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Bills of the week: AI and surveillance

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Sep 21, 2023
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Illustration: Gabriella Turrisi/Axios

Here's a handy roundup of the tech bills introduced this week.

1. The Algorithmic Accountability Act of 2023, first introduced last year, by Sens. Ron Wyden and Cory Booker and Rep. Yvette Clarke, would make new protections for people impacted by AI used in systems like housing, credit and education.

  • The bill will "require ongoing testing to make sure artificial intelligence that is responsible for critical decisions actually works, and doesn't amplify bias based on where a person lives, where they go to church or the color of their skin," Wyden said in a statement.
  • Companies would be required to do impact assessments on their uses of AI for decision-making, with the FTC putting them in a public repository.

2. The Banning Surveillance Advertising Act, from Reps. Anna Eshoo and Jan Schakowsky and Sens. Wyden and Booker, would ban ad networks from using personal data for ad targeting and ban ads based on race, gender and religion. (Ad targeting based on "broad" location and contextual advertising is OK under the bill, per the statement).

  • "The 'surveillance advertising' business model is premised on the unseemly collection and hoarding of personal data to enable ad targeting... the surveillance advertising business model is broken," Eshoo said in a statement.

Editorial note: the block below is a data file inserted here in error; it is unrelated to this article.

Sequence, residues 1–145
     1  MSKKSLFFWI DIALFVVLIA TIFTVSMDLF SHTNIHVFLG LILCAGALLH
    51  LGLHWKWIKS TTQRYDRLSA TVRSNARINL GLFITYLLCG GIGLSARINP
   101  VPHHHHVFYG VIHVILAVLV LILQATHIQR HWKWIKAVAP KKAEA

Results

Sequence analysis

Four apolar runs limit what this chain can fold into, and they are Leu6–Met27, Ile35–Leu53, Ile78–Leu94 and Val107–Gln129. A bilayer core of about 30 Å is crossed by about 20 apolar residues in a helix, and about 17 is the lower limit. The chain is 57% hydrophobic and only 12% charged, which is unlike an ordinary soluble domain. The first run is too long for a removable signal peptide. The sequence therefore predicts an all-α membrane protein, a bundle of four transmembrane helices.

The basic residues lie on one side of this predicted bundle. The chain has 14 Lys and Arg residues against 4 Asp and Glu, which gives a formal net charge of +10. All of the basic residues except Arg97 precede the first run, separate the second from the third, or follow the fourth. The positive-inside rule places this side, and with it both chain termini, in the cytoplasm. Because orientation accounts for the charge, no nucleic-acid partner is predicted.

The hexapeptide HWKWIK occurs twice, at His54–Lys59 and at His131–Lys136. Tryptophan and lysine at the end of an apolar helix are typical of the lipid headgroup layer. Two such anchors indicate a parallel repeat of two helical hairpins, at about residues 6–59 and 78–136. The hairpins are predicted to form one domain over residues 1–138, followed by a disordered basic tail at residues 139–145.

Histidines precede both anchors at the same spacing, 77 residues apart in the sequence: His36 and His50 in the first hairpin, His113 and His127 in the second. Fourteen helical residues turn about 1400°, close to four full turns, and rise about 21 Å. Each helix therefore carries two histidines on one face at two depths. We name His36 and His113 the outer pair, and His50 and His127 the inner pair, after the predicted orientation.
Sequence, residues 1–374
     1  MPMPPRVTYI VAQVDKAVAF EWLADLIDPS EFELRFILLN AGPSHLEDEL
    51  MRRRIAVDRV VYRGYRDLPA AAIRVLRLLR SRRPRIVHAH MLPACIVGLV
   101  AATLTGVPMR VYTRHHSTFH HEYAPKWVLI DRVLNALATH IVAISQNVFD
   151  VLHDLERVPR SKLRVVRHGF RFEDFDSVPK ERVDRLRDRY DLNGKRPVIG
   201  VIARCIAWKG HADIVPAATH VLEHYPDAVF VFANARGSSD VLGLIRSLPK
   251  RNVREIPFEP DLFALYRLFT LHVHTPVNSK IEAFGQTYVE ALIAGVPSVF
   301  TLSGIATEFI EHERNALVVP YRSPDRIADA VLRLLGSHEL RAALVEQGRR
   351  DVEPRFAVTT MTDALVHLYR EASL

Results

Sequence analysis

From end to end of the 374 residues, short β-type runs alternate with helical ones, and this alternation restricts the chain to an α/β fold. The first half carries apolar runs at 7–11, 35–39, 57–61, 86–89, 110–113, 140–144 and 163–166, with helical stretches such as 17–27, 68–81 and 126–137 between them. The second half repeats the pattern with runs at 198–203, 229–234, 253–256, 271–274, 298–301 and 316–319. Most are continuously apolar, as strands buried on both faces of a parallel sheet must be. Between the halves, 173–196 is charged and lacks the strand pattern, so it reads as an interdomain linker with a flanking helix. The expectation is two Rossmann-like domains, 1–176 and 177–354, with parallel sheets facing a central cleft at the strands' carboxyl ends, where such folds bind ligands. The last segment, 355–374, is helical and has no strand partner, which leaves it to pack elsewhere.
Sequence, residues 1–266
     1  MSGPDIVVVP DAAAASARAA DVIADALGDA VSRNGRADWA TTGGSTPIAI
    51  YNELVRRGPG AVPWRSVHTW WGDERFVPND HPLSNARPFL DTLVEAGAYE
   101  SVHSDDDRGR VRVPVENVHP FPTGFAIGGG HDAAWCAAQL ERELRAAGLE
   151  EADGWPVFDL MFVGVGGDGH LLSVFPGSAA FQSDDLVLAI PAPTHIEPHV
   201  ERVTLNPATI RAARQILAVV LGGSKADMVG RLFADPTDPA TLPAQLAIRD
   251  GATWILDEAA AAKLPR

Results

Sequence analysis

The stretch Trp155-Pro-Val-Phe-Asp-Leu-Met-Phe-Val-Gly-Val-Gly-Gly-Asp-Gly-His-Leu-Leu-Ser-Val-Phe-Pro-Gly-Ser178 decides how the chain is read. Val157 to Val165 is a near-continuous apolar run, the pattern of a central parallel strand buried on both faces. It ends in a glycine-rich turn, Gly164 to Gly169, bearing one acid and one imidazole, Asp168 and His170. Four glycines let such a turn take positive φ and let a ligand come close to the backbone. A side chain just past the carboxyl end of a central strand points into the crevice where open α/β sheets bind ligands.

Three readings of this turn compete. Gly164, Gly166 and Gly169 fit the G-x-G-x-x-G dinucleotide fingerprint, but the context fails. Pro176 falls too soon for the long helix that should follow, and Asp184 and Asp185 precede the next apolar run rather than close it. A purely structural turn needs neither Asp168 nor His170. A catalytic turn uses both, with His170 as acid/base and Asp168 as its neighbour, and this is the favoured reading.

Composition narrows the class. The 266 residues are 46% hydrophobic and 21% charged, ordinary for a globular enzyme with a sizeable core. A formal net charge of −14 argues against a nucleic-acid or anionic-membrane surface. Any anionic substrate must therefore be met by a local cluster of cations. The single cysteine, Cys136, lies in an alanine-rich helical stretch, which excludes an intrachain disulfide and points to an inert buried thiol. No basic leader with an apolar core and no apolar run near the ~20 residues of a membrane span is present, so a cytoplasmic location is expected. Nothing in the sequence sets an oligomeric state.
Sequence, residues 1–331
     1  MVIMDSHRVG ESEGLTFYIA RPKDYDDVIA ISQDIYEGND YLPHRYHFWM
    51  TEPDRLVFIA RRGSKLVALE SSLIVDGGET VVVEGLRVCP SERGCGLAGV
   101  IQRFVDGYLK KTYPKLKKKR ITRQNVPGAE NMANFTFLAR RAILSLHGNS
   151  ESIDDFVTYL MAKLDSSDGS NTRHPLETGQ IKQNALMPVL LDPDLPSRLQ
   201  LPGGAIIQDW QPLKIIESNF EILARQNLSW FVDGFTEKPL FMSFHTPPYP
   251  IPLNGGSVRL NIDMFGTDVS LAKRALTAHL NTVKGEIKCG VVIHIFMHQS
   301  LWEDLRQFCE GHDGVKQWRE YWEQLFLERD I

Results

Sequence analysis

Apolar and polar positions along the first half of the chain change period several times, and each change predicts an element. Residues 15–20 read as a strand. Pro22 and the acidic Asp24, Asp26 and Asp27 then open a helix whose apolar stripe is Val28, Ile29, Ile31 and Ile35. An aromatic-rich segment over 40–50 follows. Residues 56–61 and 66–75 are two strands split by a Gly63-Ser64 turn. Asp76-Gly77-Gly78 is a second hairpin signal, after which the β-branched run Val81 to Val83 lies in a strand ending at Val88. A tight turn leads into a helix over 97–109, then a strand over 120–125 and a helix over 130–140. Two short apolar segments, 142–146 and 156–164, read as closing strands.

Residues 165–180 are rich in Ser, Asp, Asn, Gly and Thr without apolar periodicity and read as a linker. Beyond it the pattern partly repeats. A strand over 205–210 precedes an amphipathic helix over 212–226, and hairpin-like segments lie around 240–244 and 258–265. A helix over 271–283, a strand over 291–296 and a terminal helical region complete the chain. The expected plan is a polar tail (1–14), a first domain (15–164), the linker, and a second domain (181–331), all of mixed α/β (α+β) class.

• Violations would be enforced by the FTC.

3. The 5G Spectrum Authority Licensing Enforcement (SALE) Act, by Sen. John Kennedy, would require the FCC to release spectrum that had been previously auctioned to expand 5G broadband to more rural communities via temporary auction authority.

4. The DEEPFAKES Accountability Act of 2023, by Reps. Clarke and Glenn Ivey, would require creators of deepfake content to include a digital watermark, and make it a crime to fail to identify "malicious" deepfakes including sexual, criminal or violent conduct, per a statement.

  • "It's imperative that Congress not only establishes a clear standard for identifying deepfakes but also provides prosecutors, regulators, and especially victims with the necessary tools to combat fake or manipulated content," Clarke said in the statement.

Of note: We're hearing Sen. John Thune's AI certification bill — which we scooped was in the works back in July — may be introduced next week with some new co-sponsors.

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